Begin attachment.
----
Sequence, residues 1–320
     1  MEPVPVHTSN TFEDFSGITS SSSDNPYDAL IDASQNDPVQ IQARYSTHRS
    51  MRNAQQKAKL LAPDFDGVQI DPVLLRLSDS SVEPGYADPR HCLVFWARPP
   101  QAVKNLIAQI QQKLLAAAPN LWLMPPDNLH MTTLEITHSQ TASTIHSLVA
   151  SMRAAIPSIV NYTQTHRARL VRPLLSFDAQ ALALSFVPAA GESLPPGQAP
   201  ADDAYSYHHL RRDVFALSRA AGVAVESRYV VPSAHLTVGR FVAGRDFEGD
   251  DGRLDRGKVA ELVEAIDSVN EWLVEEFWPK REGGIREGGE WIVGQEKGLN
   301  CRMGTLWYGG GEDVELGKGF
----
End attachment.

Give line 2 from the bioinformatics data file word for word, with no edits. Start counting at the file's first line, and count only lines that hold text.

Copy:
     1  MEPVPVHTSN TFEDFSGITS SSSDNPYDAL IDASQNDPVQ IQARYSTHRS